Chuck Berry’s “My Ding-a-Ling” and Other Naughty Ditties

255d6dcfe7487cd3ba66f570bf4708e8 1024x760 <p>Chuck Berry’s “My Ding a Ling” and Other Naughty Ditties</p>

Chuck Berry

You know that moment when someone asks if you know the meaning of the song you’re listening to? This is often followed by brief bewilderment and—depending on your talent for bullshit—an in-depth explanation or a shrug of the shoulders. Fortunately, we’re here to save you should this situation arise, which we’re sure it will, and you’ll be forced to defend why you’re belting out a song about masturbation (when you really thought you were singing along to a bouncy pop tune). In celebration of Chuck Berry’s hit song “My Ding-a-Ling” reaching number one on the charts this week in 1972 (not to mention Mr. Berry’s 87th birthday), DYR looks back at some filthily catchy tunes.

SEE ALSO: The Trippiest Songs of the ’60s and ’70s

“She Bop”—Cyndi Lauper

Always the progressive artist, Lauper wrote this song about masturbation so that little kids could think it was about dancing and learn the real meaning when they got older. But Tipper Gore and the Parents Music Resource Center wasn’t about to run the risk of having little kids with their hands down their diapers, so the organization added the song to its “Filthy Fifteen,” a list of the 15 songs they found most objectionable.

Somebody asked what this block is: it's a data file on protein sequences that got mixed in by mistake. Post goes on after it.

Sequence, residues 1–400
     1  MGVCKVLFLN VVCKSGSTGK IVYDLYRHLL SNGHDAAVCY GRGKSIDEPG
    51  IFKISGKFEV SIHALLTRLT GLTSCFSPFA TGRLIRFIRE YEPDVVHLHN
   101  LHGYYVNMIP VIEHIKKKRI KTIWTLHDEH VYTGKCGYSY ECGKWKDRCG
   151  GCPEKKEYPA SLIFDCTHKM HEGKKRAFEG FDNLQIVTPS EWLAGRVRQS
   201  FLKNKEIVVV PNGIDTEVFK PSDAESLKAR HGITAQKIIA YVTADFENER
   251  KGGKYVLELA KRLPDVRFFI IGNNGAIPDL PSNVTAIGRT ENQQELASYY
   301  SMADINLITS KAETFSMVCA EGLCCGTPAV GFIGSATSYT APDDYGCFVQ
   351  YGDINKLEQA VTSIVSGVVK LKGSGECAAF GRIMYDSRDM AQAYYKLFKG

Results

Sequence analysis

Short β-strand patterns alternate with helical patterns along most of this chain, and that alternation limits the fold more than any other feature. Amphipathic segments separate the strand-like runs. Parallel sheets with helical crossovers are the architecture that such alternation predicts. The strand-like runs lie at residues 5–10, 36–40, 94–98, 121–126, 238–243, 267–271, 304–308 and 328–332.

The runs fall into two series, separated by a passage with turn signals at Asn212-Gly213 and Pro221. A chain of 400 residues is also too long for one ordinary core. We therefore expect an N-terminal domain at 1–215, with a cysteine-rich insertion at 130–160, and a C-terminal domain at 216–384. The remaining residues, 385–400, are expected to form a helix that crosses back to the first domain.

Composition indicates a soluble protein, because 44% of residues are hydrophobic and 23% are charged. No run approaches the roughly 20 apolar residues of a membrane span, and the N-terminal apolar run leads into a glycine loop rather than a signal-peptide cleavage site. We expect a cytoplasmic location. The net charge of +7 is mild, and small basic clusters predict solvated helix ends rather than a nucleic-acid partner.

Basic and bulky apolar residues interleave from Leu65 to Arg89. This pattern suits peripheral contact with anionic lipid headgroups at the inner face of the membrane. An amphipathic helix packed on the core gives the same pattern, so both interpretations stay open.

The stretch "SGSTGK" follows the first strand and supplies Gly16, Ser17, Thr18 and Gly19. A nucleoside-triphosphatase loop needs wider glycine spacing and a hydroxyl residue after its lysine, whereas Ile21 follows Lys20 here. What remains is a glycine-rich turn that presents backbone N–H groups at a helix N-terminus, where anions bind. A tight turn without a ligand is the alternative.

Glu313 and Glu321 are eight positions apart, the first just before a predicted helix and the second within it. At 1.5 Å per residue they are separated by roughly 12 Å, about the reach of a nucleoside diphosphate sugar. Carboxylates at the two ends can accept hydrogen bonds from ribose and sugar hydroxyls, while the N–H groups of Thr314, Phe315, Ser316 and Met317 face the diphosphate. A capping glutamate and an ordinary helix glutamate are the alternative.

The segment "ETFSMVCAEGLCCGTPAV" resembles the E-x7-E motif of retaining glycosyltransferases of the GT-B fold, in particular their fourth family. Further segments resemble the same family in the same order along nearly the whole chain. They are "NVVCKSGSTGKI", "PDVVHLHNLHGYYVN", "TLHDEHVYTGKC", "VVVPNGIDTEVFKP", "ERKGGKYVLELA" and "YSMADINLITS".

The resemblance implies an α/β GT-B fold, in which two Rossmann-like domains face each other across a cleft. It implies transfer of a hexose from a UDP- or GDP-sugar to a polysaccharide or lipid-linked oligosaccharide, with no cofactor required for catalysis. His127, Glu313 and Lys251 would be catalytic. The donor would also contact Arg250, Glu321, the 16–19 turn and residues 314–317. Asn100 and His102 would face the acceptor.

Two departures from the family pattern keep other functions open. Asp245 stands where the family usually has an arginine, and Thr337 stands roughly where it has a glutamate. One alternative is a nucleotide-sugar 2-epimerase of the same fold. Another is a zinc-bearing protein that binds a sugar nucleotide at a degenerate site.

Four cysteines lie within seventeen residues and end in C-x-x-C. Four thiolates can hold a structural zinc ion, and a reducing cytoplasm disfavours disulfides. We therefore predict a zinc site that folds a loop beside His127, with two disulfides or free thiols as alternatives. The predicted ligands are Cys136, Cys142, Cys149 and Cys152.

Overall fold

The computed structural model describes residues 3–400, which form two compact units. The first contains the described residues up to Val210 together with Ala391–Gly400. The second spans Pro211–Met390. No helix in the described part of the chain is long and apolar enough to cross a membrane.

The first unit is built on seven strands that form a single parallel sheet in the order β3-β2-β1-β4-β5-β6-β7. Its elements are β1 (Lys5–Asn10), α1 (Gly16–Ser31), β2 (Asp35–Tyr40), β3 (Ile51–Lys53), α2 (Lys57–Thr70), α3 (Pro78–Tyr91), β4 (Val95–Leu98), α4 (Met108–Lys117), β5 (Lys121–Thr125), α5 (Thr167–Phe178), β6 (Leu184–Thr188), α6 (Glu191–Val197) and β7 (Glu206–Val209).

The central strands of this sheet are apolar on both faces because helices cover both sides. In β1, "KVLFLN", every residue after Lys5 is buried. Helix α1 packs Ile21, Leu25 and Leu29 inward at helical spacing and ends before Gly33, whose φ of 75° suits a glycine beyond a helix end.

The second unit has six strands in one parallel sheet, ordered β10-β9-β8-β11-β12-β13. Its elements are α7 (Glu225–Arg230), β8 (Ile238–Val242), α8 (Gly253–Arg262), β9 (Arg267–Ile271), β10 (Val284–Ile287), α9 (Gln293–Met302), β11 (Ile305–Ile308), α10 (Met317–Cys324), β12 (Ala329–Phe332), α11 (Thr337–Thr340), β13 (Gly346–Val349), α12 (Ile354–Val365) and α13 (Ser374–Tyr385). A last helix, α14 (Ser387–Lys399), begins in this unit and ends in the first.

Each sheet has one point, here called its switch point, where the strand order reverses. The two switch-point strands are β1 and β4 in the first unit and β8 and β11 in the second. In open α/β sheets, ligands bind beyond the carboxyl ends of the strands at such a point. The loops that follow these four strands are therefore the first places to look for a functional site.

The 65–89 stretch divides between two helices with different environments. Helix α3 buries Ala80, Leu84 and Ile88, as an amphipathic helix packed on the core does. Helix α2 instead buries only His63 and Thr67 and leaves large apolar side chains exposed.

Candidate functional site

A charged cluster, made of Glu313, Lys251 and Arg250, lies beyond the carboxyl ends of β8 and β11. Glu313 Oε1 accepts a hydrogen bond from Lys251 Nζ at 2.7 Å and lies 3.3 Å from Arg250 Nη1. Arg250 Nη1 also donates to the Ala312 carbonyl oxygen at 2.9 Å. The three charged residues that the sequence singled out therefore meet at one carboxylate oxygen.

“I’m In You”—Peter Frampton

Get your minds out of the gutter. The title track off Peter Frampton’s fifth studio album was about a love so deep that it penetrates one’s soul—as he sings to his lover about “coming so far” and “making love.”


“Heart-Shaped Box”—Nirvana

The first single from the group’s third and final studio album, In Utero, was somewhat of a collaborative effort between Kurt Cobain and wife Courtney Love, as the couple’s shared journal informed many of the lyrics. Cobain said the song was inspired by documentaries about children with cancer, but many believe it is a metaphor for Love’s vagina.


“Sugar Walls”—Sheena Easton

Here’s another track that was relegated to the “Filthy Fifteen” list, partly for its obvious reference to the walls of a woman’s vagina. The video for the song didn’t contain any sexual imagery or inappropriate content, but you don’t need to be a gynecologist to figure out that “the temperature rising inside [her] sugar walls” has nothing to do with a candy thermometer.


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